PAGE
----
• More likely to report loss of care information during shift changes.

Effects of higher patient loads

For each additional patient per nurse (that is, an increase in patient load), there was a:

  • 4{33c86113bcc32821f63c6372852a0f501e07fff55ce3ce61b15b246c5f8c531c} decrease in the likelihood of having time for professional development;
  • 9{33c86113bcc32821f63c6372852a0f501e07fff55ce3ce61b15b246c5f8c531c} decrease in likelihood of having time to discuss patient care problems with other nurses;
  • 5{33c86113bcc32821f63c6372852a0f501e07fff55ce3ce61b15b246c5f8c531c} decrease in the likelihood of observing care assignments that foster continuity of care;
  • 3{33c86113bcc32821f63c6372852a0f501e07fff55ce3ce61b15b246c5f8c531c} increase in the likelihood of observing loss of care information during shift changes.

What do these results tell us?

Nurses are statistically significantly less likely to have the time and opportunity to complete activities that support good nursing practice when working long shifts and overtime, and when they have higher patient loads. Opportunity for contining professional development was most negatively affected when nurses worked long shifts. Discussing care problems with colleagues, observing continuity of care assignments and observing loss of care information during handovers were most negatively affected when nurses worked overtime. All four outcomes worsened when nurses had higher patient loads.

Other studies specifically exploring incomplete/missed care – namely, Dall’ora et al (2019) and Griffiths et al (2018) – have found associations between these workforce configurations and worsened patient outcomes. Yet, despite these associated problems, long shifts, overtime and high patient loads are often seen as unavoidable responses to system-wide pressures due to nursing shortages (Buchan et al, 2020).

To counter potential consequences, support for staff must be strengthened so nurses have enough time to complete all aspects of their work. General solutions – such as protecting time for team discussion/debriefing and administrative paperwork, streamlining charting and data-entry processes, and incentivising professional development – can be introduced or revitalised. However, more local solutions (that is, on the ward, or at hospital or trust level) are also necessary to address different staff needs and priorities.

Conclusion

As well as doing direct care work, nurses need adequate time/opportunity to complete activities that support good practice –but opportunities to do so may be reduced for those working long shifts or overtime, or with heavier patient loads. Decision makers and managers must carefully consider the implications of using these workforce configurations, as they have short- and long-term consequences for care quality. Completing this supportive work is likely to improve nurses’ capacity to manage workloads, team collaboration and career satisfaction – all of which are important for staff recruitment and retention.

Key points

  • Ensuring patient care continuity, communicating with colleagues and taking part in training and development are aspects of nursing work that support good practice
  • Nurses working long shifts, overtime and who have higher patient loads may have fewer opportunities to complete this important work
  • When establishing rota and staffing policies, management should ensure that nursing staff have time to complete all aspects of their work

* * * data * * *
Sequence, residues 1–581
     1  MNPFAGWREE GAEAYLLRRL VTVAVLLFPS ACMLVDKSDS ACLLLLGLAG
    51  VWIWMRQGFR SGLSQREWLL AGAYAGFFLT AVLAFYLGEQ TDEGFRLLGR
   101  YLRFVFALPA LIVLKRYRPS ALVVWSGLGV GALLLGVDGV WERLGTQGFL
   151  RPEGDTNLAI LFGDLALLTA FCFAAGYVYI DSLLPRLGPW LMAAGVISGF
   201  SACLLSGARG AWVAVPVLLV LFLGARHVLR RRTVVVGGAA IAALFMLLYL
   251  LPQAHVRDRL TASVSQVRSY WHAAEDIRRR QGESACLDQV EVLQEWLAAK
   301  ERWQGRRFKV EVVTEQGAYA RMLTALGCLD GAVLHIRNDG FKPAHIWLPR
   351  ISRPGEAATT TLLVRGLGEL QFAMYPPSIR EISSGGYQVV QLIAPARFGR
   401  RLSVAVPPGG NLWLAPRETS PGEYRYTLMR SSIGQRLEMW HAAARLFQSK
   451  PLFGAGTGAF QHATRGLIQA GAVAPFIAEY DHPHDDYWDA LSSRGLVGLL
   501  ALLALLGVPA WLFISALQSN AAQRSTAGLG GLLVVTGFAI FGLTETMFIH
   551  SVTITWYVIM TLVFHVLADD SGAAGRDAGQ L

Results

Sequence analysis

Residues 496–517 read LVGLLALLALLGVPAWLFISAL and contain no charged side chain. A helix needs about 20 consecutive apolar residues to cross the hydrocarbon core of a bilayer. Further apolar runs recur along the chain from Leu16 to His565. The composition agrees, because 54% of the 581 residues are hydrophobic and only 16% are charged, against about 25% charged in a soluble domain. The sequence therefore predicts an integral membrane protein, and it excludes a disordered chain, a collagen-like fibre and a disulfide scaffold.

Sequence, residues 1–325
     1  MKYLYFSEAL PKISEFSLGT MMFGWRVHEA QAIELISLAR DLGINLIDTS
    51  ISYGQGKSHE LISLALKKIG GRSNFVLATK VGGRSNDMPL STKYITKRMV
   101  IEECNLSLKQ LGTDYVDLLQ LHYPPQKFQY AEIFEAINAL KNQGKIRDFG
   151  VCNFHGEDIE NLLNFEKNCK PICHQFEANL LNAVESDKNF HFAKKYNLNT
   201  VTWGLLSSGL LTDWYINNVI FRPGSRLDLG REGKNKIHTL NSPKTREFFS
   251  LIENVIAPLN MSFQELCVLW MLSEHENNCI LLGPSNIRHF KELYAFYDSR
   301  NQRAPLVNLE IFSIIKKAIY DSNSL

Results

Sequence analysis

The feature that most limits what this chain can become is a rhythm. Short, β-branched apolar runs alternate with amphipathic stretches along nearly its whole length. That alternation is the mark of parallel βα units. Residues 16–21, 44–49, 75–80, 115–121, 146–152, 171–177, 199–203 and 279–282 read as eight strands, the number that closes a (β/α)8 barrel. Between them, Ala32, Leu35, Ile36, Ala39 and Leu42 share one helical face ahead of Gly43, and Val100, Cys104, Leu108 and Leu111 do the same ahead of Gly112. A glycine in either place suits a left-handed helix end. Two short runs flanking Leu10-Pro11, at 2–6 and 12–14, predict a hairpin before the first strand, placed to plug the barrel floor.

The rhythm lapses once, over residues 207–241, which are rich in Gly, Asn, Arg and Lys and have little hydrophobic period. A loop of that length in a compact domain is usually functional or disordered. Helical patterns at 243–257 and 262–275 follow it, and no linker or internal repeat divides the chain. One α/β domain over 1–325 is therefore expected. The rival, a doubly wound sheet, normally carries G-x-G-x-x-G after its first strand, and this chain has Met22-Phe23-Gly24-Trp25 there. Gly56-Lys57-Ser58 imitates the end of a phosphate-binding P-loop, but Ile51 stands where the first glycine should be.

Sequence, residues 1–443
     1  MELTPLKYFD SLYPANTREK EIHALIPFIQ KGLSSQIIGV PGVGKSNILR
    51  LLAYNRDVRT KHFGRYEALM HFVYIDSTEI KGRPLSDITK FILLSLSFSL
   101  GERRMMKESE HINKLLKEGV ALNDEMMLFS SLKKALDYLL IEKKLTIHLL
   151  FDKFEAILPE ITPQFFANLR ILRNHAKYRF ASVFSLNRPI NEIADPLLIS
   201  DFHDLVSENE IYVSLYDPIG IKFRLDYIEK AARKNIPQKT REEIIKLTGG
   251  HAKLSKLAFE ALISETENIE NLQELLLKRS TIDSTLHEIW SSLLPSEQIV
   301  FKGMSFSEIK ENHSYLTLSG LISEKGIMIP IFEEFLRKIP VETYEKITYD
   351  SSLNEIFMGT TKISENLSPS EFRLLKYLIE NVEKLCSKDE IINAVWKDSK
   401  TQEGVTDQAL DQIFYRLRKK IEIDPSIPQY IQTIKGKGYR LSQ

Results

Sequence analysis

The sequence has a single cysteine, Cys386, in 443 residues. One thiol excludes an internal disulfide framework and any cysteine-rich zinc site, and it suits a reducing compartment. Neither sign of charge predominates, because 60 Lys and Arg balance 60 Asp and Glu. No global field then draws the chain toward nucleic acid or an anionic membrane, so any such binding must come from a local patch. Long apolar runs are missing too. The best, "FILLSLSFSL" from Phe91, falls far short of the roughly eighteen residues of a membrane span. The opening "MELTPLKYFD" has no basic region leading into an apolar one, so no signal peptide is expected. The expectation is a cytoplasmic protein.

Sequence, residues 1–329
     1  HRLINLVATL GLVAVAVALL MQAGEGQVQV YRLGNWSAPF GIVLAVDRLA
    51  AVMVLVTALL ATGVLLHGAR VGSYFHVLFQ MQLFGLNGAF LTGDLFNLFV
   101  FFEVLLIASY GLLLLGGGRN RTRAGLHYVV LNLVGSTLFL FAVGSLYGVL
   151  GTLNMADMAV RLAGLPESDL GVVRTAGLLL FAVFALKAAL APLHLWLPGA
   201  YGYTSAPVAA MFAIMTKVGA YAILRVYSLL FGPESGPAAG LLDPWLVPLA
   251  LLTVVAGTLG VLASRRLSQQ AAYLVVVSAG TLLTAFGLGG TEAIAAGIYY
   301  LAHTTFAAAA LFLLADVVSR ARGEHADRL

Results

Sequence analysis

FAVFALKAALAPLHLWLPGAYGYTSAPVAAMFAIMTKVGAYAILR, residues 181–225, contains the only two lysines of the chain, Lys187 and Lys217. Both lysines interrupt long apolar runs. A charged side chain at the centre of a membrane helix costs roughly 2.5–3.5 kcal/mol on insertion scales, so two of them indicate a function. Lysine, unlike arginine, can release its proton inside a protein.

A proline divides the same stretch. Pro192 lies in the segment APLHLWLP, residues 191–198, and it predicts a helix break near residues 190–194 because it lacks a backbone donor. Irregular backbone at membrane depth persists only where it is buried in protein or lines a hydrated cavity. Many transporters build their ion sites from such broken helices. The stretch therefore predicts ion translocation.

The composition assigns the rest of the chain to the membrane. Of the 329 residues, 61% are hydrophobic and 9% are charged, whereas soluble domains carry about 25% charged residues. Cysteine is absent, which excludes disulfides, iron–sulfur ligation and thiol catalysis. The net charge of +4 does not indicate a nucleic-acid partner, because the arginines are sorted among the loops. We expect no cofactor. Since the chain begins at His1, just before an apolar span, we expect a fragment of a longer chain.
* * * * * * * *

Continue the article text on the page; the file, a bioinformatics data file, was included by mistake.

• This article is reproduced from: Ball J, Emmanuel T (2022) How do long shifts, overtime, and higher patient load influence activities that support good nursing practice? Evidence Brief; University of Southampton. Sept 2022. Available from: eprints.soton.ac.uk/id/eprint/469204 (accessed 15 November 2022). Reproduced under the terms of a creative commons attribution CC-BY (4.0) licence. The RN4CAST study was funded by the EU 7th Framework Programme (FP7/2007–2013, grant agreement no: 223468). Members of the research team were supported by the National Institute for Health Research (NIHR) Collaboration for Leadership in Applied Health Research and Care (CLAHRC) Wessex. The views expressed are those of the authors and not necessarily those of NIHR, Department of Health and Social Care, arm’s-length bodies or other government departments.
References

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Ball JE et al (2014) ‘Care left undone’ during nursing shifts: associations with workload and perceived quality of care. BMJ Quality and Safety; 23: 2, 116-125.

Buchan J et al (2020) Building the NHS nursing workforce in England: Workforce Pressure Points. The Health Foundation.

Dall’ora C et al (2019) Nurses’ 12-hour shifts and missed or delayed vital signs observations on hospital wards: retrospective observational study. BMJ Open; 9: e024778.

Griffiths P et al (2018) The association between nurse staffing and omissions in nursing care: a systematic review. Journal of Advanced Nursing; 74: 7, 1474–1487.

Griffiths P et al (2014) Nurses’ shift length and overtime working in 12 European countries: the association with perceived quality of care and patient safety. Medical Care; 52: 11, 975–981.

Manley K et al (2011) Principles of nursing practice: development and implementation. Nursing Standard; 25: 27, 35–37.

Needleman J et al (2002) Nurse–staffing levels and the quality of care in hospitals. The New England Journal of Medicine; 346: 22, 1715–1722.

Sermeus W et al (2011) Nurse forecasting in Europe (RN4CAST): rationale, design and methodology. BMC Nursing; 10: 6.

Shin S et al (2018) Nurse staffing and nurse outcomes: a systematic review and meta-analysis. Nursing Outlook; 66: 3, 273-282.

Stimpfel AW et al (2012) The longer the shifts for hospital nurses, the higher the levels of burnout and patient dissatisfaction. Health Affairs; 31: 11, 2501–2509.